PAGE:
It started when I discovered that the malt powder I had was actually the Ovaltine malt drink powder, the stuff Lebovitz specifically says not to use here. Too bad. Worse case scenario, I’ll pick up the right stuff on my next trip and make the ice cream again.
Then, when I was making the custard, I managed to scramble the eggs by cooking the custard on too high of a heat. I know better.
<Head hanging in shame>
I managed to save the custard by straining all the cooked egg bits out.
And finally, I don’t really like malted milk ball candy (think Whoppers – it has to do with the crunchy, hard texture, not the flavor), so I decided not to fold chopped bits of the candy into the ice cream when it was done.
As a result, the finished ice cream was just okay. It has a good malt flavor despite using the wrong ingredient, but it is boring. I should have trusted Lebovitz. You really do need the chopped candy here. It livens up the ice cream and gives the flavor some dimension. I did grab some Whoppers while I was shopping for the other ingredients, so I plan to chop them up and sprinkle them over top of the ice cream when I eat it. Icky hard, crunchy texture not withstanding.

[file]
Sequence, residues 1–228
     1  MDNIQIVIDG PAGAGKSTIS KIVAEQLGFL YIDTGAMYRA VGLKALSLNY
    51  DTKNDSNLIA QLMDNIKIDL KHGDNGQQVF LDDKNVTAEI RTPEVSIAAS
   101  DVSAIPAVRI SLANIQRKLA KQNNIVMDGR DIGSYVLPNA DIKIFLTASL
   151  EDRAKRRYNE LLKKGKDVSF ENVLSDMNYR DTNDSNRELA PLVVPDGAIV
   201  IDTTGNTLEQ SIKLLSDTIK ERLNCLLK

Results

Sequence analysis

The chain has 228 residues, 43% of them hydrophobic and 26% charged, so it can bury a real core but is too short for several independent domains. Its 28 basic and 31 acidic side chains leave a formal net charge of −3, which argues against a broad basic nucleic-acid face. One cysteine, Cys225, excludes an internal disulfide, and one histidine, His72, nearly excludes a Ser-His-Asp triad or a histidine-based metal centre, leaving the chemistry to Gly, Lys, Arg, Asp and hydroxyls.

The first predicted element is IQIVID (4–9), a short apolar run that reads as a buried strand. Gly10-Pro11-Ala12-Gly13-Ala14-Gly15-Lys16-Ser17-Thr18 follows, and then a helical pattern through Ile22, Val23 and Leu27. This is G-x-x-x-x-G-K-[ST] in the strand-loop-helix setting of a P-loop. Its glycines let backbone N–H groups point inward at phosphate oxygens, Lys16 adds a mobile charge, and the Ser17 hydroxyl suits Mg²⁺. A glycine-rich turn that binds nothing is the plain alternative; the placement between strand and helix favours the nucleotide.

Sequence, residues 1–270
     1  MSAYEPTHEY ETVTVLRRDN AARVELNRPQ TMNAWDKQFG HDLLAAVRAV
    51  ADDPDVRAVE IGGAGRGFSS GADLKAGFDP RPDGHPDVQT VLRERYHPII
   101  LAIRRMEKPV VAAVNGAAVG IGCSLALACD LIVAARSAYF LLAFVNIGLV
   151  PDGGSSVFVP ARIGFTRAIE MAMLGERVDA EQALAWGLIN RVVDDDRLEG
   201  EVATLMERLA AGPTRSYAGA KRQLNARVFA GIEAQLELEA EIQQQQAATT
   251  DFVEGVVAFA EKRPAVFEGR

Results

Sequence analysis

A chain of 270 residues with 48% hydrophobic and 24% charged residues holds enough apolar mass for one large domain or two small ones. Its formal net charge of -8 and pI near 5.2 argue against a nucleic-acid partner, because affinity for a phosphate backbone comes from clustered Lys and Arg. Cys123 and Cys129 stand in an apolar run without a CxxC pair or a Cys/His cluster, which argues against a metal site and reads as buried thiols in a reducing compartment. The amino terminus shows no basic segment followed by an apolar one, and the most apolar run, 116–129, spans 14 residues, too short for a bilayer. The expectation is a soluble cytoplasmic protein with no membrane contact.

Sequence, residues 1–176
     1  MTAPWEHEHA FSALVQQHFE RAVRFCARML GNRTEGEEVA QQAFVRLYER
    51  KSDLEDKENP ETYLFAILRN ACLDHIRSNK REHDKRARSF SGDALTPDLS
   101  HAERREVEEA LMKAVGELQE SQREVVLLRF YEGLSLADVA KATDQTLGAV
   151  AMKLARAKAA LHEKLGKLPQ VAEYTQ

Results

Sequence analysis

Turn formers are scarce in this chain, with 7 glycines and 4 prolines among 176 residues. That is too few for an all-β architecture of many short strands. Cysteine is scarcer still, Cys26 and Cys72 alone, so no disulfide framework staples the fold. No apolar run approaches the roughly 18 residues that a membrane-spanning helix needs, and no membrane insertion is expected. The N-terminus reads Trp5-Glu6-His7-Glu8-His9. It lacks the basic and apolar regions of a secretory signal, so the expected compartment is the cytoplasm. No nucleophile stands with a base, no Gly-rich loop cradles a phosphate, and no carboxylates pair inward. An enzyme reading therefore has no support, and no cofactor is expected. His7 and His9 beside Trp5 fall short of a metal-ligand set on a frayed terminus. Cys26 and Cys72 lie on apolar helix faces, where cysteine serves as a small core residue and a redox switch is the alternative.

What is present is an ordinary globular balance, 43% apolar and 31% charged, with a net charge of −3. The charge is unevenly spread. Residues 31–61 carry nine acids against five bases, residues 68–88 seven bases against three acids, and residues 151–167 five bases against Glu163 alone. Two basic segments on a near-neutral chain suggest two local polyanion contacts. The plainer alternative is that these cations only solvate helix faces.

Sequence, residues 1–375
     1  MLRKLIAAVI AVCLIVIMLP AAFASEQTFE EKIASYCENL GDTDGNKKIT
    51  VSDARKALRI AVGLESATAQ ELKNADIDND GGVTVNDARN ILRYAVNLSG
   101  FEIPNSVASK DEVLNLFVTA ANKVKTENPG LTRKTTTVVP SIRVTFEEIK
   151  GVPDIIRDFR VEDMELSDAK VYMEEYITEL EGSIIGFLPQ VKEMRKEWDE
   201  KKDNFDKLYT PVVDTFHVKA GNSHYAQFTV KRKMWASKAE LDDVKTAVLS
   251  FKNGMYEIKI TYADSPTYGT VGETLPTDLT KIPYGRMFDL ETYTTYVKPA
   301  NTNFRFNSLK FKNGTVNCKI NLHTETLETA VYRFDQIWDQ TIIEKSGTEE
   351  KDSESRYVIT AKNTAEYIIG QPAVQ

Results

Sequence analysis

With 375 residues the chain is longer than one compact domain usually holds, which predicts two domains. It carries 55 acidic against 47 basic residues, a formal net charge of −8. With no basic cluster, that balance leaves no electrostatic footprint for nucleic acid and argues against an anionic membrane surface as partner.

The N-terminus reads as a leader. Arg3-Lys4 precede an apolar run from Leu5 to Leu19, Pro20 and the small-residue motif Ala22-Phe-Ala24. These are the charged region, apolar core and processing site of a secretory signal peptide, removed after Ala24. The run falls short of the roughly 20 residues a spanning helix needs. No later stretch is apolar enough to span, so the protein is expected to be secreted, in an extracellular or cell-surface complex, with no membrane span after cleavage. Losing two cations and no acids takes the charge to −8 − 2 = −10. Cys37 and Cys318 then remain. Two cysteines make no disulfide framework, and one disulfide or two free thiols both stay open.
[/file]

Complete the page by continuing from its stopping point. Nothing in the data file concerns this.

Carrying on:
Ever since I started this blog, I’ve been meaning to feature an ice cream book during the summer, and every summer I forget that. Well, not this summer. This is going to be the summer of ice cream. Bryan is very happy.
So, David Lebovitz.Dessert God. Blogging God. Ice Cream God. If you aren’t familiar with this guy, head over to his blog and take some time to read up on him. He is darn funny and a great baking resource.
I’ve had The Perfect Scoop for a couple of years (it was published in 2007), but I’ve only made a handful of ice creams out of it. Many other bloggers have sampled the book over the years, and they’ve all raved about it. The book has your standard vanilla, chocolate, strawberry recipes, but it also has a nice selection of granitas and fresh fruit ice creams and sorbets. However, I thought I’d stay in familiar territory for my first try and stick with a basic chocolate ice cream.
This is a deep, dark chocolately recipe. It uses a custard base (cream and eggs), and flavors the base with bittersweet chocolate and cocoa powder. The result is a rich, dense, almost chewy ice cream with a serious hit of chocolate. Not a bad thing, in my book. This is an ice cream that stands on its own; you don’t need any sort of sauce to go with it.